This column adds the fourth part to this defensive strategy: adding fixed-interest exposure. I wish I had done so sooner. The race for yield has driven bond prices higher and boosted total returns. Who would have thought a government-bond managed fund, such as the Mercer Australian Sovereign Bond Fund, would return 10% over one year?
A balanced portfolio (within five years to retirement) might have up to 30% of assets in fixed interest and high-yield income assets. A conservative portfolio (in retirement) could have 50%, although that varies by investor needs, age and risk tolerance.
It is well known that do-it-yourself investors in Australia have nothing like that fixed-interest allocation. Unlike the US, we do not have a culture of small investors owning corporate or government bonds, partly because of complications in buying them over the counter and a lack of awareness and education about the features, benefits and risks of fixed interest.
The emergence of fixed-interest ETFs on ASX is an important innovation for retail investors. Like all ETFs, the fixed-interest variety are quoted on ASX, bought and sold like a share, and have lower fees than active funds. They aim to replicate the price and yield return of an underlying fixed-interest index and suit conservative long-term investors.
Fund inflows in fixed-interest ETFs have been strong this year, a consequence of the race for yield in an environment of low interest rates. By my count, ASX has 22 fixed-interest and cash ETFs. Five years ago there were only a handful of fixed-interest ETFs on ASX.
Most fixed-interest ETFs have returned 7 to 10% over 12 months and a few have done a little better. The Russell Investments Australian Government Bond ETF, for example, has a 12.01% total return to June 2019, ASX investment products data shows.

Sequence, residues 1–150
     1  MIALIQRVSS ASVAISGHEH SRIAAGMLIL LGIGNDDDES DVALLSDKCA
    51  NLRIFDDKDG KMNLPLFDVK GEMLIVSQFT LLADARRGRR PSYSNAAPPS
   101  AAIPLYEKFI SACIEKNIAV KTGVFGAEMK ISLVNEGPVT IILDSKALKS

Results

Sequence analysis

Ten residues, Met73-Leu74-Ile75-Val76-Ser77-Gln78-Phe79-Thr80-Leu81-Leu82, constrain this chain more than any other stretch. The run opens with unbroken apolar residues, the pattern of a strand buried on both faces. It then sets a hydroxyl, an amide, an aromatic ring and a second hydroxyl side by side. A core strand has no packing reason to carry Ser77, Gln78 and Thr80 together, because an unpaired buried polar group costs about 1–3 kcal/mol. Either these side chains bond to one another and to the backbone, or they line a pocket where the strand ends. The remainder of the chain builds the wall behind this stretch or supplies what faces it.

That is double the Australian share market yield (after franking) with vastly lower risk, given the underlying securities are government bonds. But don’t expect high returns to continue in the next 12 months; rising demand for bonds has driven prices higher and yields lower.
Here are 5 fixed-interest ETFs to consider:
VAF is ASX’s largest fixed-interest income ETF just over $1 billion in funds under management. The ETF invests in high-quality, income-generating securities issued by federal and state governments, as well as investment-grade corporate issuers. The five-year annualised return is 4.9% and the management fee is only 20 basis points.
IAF provides exposure to investment-grade fixed-income bonds issued by federal and state governments, superannuation entities and corporates. It has similar performance over five years to VAF, and fees. It is a good choice for core fixed-income exposure via an ETF.
I first covered HBRD for this report in September 2018. The ETF has returned almost 8% over one year (after fees) to June 2019 through investing in mostly bank hybrids. Managed by Coolabah Capital Investments, HBRD is the market’s first active ETF in hybrids, an ASX-listed security that combines elements of debt and equity instruments and has potential for higher returns and risk.
HBRD comes from a good manager and most retail investors are better of using a diversified fund for hybrid exposure – and relying on a specialist manager – than doing it themselves, given hybrid complexities and risks.
Hybrid returns are compressing, but yield-seeking investors who are prepared to take higher risk could consider this market via an ETF.
PLUS invests in a diversified portfolio of higher-yielding corporate bonds issued in Australia and tracks the performance of the Markit iBoxx AUD Corporates Yield Plus Index.
I like that at least 80% of PLUS must be in investment-grade corporate bonds that have lower risk compared to “junk” bonds. PLUS’s running yield was 3.69% at June 2019.
ASX’s largest international fixed-interest ETF provides exposure to high-quality, income-generating securities issued by governments worldwide. VIF is an easy way to include foreign governments in a portfolio and is hedged against currency fluctuations. VIF’s five-year annualised returned was about 5% to June 2019.